Follow Harriet on Twitter

About Harriet


De’Ath & Moore & Sincerity & Failure & Levin & Boyer & Occupy, Oh My

By Harriet Staff

While gesturing recently to a piece on the work and determined “artlessness” of poet Amy De’Ath, we casually wondered if there might be a connection in there somewhere to a poetics of “failure” and “sincerity” (pardon our quotes) as explored by Jennifer Moore in a recent Jacket2 essay. Bebrowed’s blog, quickly becoming a fave read, has responded to our question! Turns out, in this case, perhaps not quite:

This was going to be a considered and point by point riposte of Moore’s argument but I’ve decided that I don’t actually understand it as in I don’t follow the logic of what she’s saying. I’ve now decided to point out that there isn’t any connection between the artlessness that I referred to and whatever Moore might mean.

Well, that’s clear enough. But after a bit of frustration regarding Jacket2, Bebrowed swiftly grapples with this interest in failure, making it evident that modes like “New Sincerity” (and Langpo before it) refer mostly to poetry in the U.S.:

I do need to confess to an interest in failure and especially the stuttering faction within that broad front / trend / school / aesthetic. It can be argued that all poems expect to fail and that they carry this expectation with them as they make their way. It can also be argued that this has always been the case and is unlikely to change in the future. The variable comes in when this essential aspect is given emphasis b[y] practitioners and critics. The last time that this occurred was in the late fifties in the writing and thinking of Becket[t], Blanchot and Celan all of whom have been massively influential ever since.

This historically recurring aesthetic is irrefutable and informs some of the finest work of the last twenty years (late Prynne, [Geoffrey] Hill’s ‘The Triumph of Love’, [Keston] Sutherland’s ‘Stress Position’ etc) and has nothing to do with what Moore seems to be writing about which sounds like a kind of disenchantment with all things New York.

Moore also mentions something called the New Sincerity which is very easy for cynics like me to write off as yet another argument against the teaching of (sigh) creative writing. However, I realise that I’ve spent most of the last two years arguing strongly for a poetics that is based on honesty which I now realise isn’t a million miles from the s word….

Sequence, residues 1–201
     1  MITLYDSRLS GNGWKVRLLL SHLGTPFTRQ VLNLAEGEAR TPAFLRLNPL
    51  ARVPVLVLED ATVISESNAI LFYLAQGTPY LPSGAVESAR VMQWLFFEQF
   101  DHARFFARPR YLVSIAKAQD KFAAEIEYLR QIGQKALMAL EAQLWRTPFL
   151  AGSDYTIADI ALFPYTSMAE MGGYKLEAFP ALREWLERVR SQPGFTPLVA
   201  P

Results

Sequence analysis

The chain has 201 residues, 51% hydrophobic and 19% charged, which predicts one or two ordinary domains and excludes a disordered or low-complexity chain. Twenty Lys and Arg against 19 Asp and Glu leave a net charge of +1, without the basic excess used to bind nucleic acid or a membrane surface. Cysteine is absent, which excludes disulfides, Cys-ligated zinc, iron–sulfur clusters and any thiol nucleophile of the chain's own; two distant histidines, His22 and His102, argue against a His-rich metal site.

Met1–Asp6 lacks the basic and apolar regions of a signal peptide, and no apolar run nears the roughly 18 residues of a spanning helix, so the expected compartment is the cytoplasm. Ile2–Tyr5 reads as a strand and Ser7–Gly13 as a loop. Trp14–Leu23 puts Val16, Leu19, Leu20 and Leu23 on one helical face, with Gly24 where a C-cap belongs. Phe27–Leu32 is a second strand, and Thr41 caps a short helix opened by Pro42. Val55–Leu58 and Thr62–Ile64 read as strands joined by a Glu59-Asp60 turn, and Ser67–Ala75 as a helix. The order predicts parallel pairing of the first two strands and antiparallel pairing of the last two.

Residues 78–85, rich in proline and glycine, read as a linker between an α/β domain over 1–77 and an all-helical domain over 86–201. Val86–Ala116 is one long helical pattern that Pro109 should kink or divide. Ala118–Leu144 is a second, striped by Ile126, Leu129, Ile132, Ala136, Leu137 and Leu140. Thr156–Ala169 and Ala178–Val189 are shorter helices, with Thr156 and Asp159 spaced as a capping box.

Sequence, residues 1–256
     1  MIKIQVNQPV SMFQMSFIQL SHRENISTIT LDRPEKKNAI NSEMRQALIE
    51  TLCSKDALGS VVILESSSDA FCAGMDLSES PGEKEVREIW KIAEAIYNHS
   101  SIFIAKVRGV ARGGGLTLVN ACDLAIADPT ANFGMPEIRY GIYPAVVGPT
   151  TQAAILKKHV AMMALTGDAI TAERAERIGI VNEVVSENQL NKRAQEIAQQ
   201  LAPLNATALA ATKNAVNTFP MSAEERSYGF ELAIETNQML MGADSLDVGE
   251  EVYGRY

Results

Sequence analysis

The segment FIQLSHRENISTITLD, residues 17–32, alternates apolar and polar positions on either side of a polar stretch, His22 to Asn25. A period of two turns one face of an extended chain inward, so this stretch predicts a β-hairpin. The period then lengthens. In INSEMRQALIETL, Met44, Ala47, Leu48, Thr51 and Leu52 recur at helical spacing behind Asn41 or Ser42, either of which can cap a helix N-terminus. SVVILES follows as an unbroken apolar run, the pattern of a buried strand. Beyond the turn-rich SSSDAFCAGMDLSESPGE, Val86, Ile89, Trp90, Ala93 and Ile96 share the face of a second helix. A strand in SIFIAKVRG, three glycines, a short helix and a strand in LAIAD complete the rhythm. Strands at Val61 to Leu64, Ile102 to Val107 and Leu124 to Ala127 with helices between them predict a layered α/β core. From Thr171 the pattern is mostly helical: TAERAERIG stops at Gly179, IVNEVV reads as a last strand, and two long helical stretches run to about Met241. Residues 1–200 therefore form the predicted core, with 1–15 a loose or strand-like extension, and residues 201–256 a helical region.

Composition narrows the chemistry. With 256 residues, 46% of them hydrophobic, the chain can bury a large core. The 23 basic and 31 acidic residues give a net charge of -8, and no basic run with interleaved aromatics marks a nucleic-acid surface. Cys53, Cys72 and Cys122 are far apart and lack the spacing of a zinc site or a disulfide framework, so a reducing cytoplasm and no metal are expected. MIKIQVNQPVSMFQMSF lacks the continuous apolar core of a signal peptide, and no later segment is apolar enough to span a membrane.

I’ve given some further thought as to what the artlessness in De’Ath’s work might be about. The ever-prescient Jonty Tiplady has described her work as ‘fading in and out of technique’ which captures most of what’s going on but there’s also an elegant / considered kind of shrug in the direction of the artful which is really quite special. I suppose that the UK’s equivalent of the Language school might be all things Cambridge or the more hardcore aspects of the late modernist vein – an analogy about place in the cultural landscape rather than manner of expression. I don’t detect any kind of grappling with the exhaustion of these two trends in this material althought this might be evident amongst other younger poets.

Interestingly, the post then contrasts the Moore essay with Lauren Levin’s “remarkable review” of Anne Boyer and Stephanie Young in Lana Turner (which we also mentioned), whilst looking at the politics/poetics of the Occupy movement and the UK protests. Bebrowed writes that Boyer’s My Common Heart is “much more direct than the stuff that I normally read but it is accomplished / technically efficient, contains a fair amount of repetition and says some very perceptive things about the nature of the crowd and crowding and how the practice of poetry might be related / connected to the practice of protest- a connection that many poets overlook in their eagerness to be ‘correct’.”

Much food for thought, as they say.

Posted in Uncategorized on Wednesday, February 22nd, 2012 by Harriet Staff.